U.S. Bureau of Land Management
The BLM will move its Washington, D.C. headquarters to an office in Grand Junction.
Both President Donald Trump and U.S. Sen. Cory Gardner, a Republican from Colorado, have touted a decision to move the Bureau of Land Management's headquarters to Grand Junction from Washington, D.C. to keep the agency more focused on the areas it serves.
"Today is a historic day for our nation’s public lands, western states, and the people of Colorado," Gardner said in a tweet the day the move was announced
. Other Colorado lawmakers, including Democratic Sen. Michael Bennet and Republican Reps. Scott Tipton and Doug Lamborn, have also expressed their support.
But in a recent report, the federal Government Accountability Office, a congressional watchdog agency, criticized the Interior Department decision.
"BLM minimally or did not address key practices for involving employees and key stakeholders in the process of developing" agency reforms including relocation, the report found. The GAO also notes that the BLM didn't adequately explain how it would measure the benefits of transferring staff — which, it claimed, would include better management, communications and customer service.
The BLM has about 10,000 employees, 97 percent of whom are already located in the western U.S., where the agency manages around 245 million acres of public land for uses such as energy extraction, mining, timber harvesting, livestock grazing and outdoor recreation.
The decision to move BLM staff from D.C. to the new Grand Junction headquarters, as well as Western offices in Denver and Phoenix, involved relocating 311 positions — or 179 people, since many of those positions were vacant — by July 2020, according to the GAO report.
On Sept. 18, the BLM notified D.C. staff that their positions would be relocated, the report says, and sent them a memo on Nov. 12 giving them 30 days to accept or decline the reassignment. They would have an additional 90 days to move West.
"BLM also created a consideration request form intended to allow employees to ask for extension of their scheduled report date," the report adds. "According to agency officials, employees could also use these forms to ask for reassignments to other positions, considerations of other geographic locations, and reasonable accommodations."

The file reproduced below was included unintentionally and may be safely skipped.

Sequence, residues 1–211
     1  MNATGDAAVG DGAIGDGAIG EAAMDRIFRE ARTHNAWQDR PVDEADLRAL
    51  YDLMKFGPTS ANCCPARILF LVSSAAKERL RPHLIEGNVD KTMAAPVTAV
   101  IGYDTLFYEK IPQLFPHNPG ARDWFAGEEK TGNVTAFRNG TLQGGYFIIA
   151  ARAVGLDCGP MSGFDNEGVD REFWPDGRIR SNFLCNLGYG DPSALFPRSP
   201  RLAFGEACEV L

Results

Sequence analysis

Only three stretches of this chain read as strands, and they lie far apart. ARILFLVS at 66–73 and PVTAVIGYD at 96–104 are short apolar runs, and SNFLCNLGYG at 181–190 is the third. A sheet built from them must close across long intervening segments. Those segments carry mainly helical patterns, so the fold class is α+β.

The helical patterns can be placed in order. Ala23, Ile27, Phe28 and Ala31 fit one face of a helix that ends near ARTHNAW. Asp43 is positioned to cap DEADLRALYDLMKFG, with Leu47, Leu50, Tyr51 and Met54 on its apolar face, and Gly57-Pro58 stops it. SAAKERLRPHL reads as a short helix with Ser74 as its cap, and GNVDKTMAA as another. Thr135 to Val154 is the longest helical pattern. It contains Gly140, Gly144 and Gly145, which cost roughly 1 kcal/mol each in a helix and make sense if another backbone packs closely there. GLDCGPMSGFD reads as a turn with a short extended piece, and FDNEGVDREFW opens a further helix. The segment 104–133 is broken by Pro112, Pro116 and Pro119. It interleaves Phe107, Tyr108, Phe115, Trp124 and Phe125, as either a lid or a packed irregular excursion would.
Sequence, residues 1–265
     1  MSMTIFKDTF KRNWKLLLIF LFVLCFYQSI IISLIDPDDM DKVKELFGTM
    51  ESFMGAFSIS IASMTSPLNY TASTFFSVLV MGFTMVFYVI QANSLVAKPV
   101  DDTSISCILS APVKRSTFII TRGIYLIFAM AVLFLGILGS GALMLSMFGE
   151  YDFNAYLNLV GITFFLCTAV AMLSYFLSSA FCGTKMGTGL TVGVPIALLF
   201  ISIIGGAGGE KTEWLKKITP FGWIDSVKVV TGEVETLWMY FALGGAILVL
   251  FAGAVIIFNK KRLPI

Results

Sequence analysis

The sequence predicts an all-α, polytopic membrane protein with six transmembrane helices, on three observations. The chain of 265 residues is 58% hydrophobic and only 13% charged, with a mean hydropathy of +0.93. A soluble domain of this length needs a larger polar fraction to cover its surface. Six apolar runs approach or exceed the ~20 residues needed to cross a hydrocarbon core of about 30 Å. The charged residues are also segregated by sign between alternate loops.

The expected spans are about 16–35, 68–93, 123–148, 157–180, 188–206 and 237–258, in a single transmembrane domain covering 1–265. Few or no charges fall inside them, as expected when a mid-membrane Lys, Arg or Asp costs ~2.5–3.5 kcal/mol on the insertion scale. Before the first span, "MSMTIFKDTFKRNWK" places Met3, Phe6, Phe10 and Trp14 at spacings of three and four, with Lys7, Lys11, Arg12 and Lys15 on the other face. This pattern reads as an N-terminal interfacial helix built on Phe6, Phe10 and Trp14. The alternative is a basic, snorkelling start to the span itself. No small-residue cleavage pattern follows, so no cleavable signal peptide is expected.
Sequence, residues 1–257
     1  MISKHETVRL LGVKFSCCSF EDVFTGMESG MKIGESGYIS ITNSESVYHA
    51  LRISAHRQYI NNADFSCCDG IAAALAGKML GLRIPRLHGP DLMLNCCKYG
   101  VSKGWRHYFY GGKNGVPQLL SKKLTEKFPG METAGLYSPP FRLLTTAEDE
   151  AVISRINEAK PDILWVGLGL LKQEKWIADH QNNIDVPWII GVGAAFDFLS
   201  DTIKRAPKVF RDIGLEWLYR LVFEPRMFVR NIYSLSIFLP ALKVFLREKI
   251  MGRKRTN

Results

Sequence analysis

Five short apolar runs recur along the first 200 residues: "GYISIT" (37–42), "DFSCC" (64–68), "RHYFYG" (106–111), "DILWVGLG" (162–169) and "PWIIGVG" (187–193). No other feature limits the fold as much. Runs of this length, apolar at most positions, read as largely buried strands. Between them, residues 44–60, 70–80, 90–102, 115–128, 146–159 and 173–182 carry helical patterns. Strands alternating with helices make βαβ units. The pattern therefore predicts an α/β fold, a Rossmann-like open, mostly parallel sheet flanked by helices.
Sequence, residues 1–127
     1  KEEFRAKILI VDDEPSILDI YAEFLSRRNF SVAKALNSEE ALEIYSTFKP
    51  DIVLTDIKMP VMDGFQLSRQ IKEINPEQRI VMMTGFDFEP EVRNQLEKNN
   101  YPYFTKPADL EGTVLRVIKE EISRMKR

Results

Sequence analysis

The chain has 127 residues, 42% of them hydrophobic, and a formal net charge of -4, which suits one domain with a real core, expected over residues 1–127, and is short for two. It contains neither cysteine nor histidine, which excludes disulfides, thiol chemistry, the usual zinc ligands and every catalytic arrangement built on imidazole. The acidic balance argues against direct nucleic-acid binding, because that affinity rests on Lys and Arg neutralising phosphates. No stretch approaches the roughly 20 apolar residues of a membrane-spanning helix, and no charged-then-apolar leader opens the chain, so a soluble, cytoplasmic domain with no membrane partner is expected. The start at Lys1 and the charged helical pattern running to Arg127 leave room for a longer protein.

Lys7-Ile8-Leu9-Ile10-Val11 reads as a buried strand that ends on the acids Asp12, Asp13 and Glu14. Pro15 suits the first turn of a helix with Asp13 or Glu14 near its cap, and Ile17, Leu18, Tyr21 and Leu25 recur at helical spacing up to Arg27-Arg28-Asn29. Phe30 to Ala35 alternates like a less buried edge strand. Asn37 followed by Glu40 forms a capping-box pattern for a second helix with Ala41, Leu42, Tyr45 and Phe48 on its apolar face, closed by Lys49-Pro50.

But only about half accepted the reassignment. Another 81 either declined or left their positions, according to the GAO report.
The GAO also wanted more detailed justification for the move based on performance measures:
"BLM developed 5-year and 20-year analyses in which it calculated the cost differential between keeping staff in Washington, D.C., and relocating them to Grand Junction and field locations," the report says. "However, these analyses did not include justifications or explanations for assumptions made. For example, the analyses assumed a baseline attrition rate of 25 percent for positions slated to be relocated. In addition, BLM did not conduct a sensitivity analysis. These analyses also did not include other costs, such as travel to Washington, D.C., from all the new staff locations, or factors such as the effect of staff relocation on productivity."
In its Feb. 28 response to a draft version of the GAO's report, the BLM said it had developed "outcome-oriented performance measures," but would take the office's recommendations under consideration and "follow through as appropriate."
Regarding the GAO's recommendation that the BLM create a strategic workforce plan to fill vacant positions, the agency said that it "has a comprehensive recruitment process underway."
The Center for Western Priorities, a conservation policy and advocacy organization that has long opposed moving the BLM's headquarters, issued a statement further decrying the decision after the report was released.
"In dismantling the BLM headquarters in such a shoddy, irresponsible way, [Interior] Secretary [David] Bernhardt is playing with people’s livelihoods and threatening our public lands," Executive Director Jennifer Rokala said in the statement.
“The GAO report is more proof that Secretary Bernhardt’s only goal was an exodus of civil servants who he thinks stand in the way of doing favors for his former corporate clients,” she added, referring to Bernhardt's past experience as an oil and gas lobbyist. Some Democratic lawmakers have pushed for an investigation into Bernhardt's potential conflicts of interest in this area.
In a March 6 statement following the report's release, the BLM had a different take:
"We have received the GAO report, and while it is worth noting that the report did not fully appreciate the fundamental difference between a relocation and a reorganization, the report did thoroughly refute Chairman [Rep. Raul] Grijalva [D-Arizona]’s assertion that this effort was 'hastily planned,' the statement said. "The report recognizes that the BLM established goals and outcomes for the initiative, used data and evidence to inform its decision-making, took steps to manage and monitor the relocation process, and adopted measures to ensure strategic workforce management.
"The relocation of the Bureau’s headquarters to Grand Junction, Colorado and its employees to other Western states is commonsense, and the Bureau will be better positioned to better serve the American public through this relocation in executing its multiple use mission.”